Last Updated on May 6, 2015, by eNotes Editorial. Word Count: 806
Manny the accompanist rehearses with Maria the day before the master class, but she cannot remember him since he is now wearing a different sweater. She tells him that he does not have a distinctive look and that he must acquire one. Manny is an admirer of Maria and does not react badly to her rather rough treatment of him in act one. In act two, he wins her praise.
Sophie de Palma
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Sophie de Palma is Maria’s first student. She tries to sing an aria from Bellini’s La Sonnambula but does not get past the first word before Maria interrupts her. Maria tells her that she is not listening to the music; she is singing but not really feeling the emotions of the character. Maria’s relentless criticism, although meant to be constructive, makes Sophie cry. Maria even tells her that her skirt is too short.
See Second Soprano
Maria is a woman of deep feeling and passion who has had many triumphs and tragedies in her life. Having suffered greatly, she believes this is the key to capturing the tragic emotions of the characters whose roles she sings. She is deeply proud of her achievements because through hard work and persistence she was able to overcome many obstacles. Even as a young woman during World War II, she did not allow hunger and other adversities to interfere with her studies. Her recollection of how a fat and ugly (in her own estimation) adolescent later became a beautiful woman on the stage at La Scala is tinged with pride and pain. There is also a hint of self-pity when she recalls that no one cared about the times she cried herself to sleep at night. It was only her performance on stage that people cared about. Totally dedicated to her art, Maria views a performance as a struggle for domination. She regards the audience as an enemy that she must conquer; she must win listeners over by convincing them that she is right in her singing and in her interpretation of the role. She believes that her musical art makes a difference in the world if practiced with dedication.
Maria reveals herself as a courageous, restless, tempestuous woman, much as the real-life Maria Callas was. Her anecdotes show that she was always ready to face her enemies, to relish her triumphs, and even to turn her disasters into triumphs. In her conduction of the master class, which she takes as seriously as her own performances, she is totally confident, even arrogant, regarding the rightness of her opinions about acting and singing. She is therefore an intimidating presence for the young students who have come to learn from her. She can be domineering and contemptuous, with an acerbic, mocking sense of humor. She is impatient with interruptions, browbeating the stagehand and using the accompanist as the butt of her humor. She is also ruthless in her appraisal of her students’ efforts. Although she is sincere in wanting to pass on her knowledge, she lacks patience, humility, and grace. She tells her students to forget about her presence, while making it impossible for them to do so. She is also always ready to disparage other singers, and she has withering put-downs for some of the great figures of the operatic world, such as Joan Sutherland, Renata Scotto, and Zinka Milanov.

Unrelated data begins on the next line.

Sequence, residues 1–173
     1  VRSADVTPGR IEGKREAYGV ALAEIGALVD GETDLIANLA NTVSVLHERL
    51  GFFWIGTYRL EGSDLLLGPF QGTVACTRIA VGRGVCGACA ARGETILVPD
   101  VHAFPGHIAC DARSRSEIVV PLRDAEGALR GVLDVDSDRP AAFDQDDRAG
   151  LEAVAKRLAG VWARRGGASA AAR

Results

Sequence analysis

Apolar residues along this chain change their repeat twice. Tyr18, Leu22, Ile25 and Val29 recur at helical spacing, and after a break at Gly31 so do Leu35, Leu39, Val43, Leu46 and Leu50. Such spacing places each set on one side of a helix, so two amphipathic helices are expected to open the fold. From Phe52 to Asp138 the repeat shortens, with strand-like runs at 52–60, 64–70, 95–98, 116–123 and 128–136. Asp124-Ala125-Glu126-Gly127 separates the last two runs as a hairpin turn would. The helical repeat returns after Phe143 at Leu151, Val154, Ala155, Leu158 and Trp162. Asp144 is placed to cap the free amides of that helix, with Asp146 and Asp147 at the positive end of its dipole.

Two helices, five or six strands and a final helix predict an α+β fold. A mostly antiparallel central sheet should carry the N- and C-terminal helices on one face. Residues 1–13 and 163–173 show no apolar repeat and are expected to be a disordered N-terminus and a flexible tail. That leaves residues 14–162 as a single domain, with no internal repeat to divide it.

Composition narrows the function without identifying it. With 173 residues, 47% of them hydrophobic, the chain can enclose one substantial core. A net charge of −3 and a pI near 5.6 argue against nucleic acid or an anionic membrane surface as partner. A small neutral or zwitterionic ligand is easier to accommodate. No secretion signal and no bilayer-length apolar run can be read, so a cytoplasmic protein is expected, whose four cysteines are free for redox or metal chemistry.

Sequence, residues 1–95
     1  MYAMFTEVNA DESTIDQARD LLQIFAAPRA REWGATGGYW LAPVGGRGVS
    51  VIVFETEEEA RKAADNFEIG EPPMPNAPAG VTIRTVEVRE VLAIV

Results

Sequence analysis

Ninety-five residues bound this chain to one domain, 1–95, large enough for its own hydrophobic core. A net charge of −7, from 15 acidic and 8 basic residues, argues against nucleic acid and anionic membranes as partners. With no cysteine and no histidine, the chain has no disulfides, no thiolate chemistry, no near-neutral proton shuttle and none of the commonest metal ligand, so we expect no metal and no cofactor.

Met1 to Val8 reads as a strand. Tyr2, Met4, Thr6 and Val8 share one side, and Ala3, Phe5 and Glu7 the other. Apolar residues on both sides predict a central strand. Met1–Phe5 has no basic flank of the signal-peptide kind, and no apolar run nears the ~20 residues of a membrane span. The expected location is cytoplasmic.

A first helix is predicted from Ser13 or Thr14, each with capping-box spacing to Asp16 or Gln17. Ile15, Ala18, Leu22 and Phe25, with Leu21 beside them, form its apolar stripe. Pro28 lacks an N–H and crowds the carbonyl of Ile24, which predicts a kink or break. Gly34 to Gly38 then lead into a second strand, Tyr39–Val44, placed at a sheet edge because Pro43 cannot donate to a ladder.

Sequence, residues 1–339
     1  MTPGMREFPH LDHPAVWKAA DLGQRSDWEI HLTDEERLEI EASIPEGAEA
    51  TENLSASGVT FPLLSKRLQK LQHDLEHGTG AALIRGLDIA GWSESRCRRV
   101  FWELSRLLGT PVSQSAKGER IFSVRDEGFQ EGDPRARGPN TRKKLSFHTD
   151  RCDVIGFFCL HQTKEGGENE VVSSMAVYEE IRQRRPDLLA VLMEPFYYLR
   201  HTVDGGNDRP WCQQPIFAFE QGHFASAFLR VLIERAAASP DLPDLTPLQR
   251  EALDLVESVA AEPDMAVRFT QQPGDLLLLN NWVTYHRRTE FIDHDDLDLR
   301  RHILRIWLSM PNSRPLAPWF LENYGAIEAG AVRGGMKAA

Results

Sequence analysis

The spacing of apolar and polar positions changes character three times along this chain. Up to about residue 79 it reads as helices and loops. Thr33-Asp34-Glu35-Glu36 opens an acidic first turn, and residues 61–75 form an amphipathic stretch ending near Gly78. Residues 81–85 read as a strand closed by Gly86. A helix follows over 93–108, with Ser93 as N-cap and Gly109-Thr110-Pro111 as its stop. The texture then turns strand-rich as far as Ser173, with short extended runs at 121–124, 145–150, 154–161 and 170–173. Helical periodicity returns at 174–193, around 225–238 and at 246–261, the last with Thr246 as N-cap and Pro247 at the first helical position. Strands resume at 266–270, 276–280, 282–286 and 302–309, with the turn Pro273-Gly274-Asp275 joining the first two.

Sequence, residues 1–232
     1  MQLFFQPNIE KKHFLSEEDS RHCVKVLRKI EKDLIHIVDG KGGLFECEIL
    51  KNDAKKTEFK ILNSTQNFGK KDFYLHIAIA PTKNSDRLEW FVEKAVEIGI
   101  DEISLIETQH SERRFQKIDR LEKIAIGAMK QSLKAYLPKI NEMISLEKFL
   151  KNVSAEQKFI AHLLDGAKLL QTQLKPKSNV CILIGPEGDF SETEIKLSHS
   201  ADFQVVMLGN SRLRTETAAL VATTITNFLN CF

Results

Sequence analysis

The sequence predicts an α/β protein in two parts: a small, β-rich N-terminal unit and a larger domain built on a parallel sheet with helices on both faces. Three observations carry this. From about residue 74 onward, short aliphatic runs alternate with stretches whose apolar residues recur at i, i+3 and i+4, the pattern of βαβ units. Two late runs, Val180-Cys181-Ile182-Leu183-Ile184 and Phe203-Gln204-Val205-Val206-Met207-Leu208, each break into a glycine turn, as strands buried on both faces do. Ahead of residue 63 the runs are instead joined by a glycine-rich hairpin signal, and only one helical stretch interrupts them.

Sharon Graham is Maria’s second student, who comes on in act two. She elects to sing Lady Macbeth’s entrance aria, known as the Letter Scene. Maria tells her that her beautiful gown is inappropriate for the occasion and then sends her off to make a more forceful entrance. But Sharon does not return, and Maria assumes that she has hurt her feelings. Later, Sharon does return, with the excuse that she was taken ill. She begins reading the text of the letter and then starts on the aria, as Maria aggressively coaches her. But when Maria tells her that she should attempt something less difficult, Sharon bursts into tears and says that she does not like Maria, adding that Maria can no longer sing and is envious of anyone who is young and can.
The stagehand, dressed in jeans and a tee-shirt, brings Maria a footstool and later a cushion. He is clearly uninterested in his work, and he arouses Maria’s contempt.
Anthony Candolini is the student tenor who has a session with Maria in act two. He has two music degrees and has performed some minor roles. His ambition is to be a great singer and to become rich and famous. He sings an aria from Puccini’s Tosca, and after some coaching from Maria he wins her enthusiastic approval.
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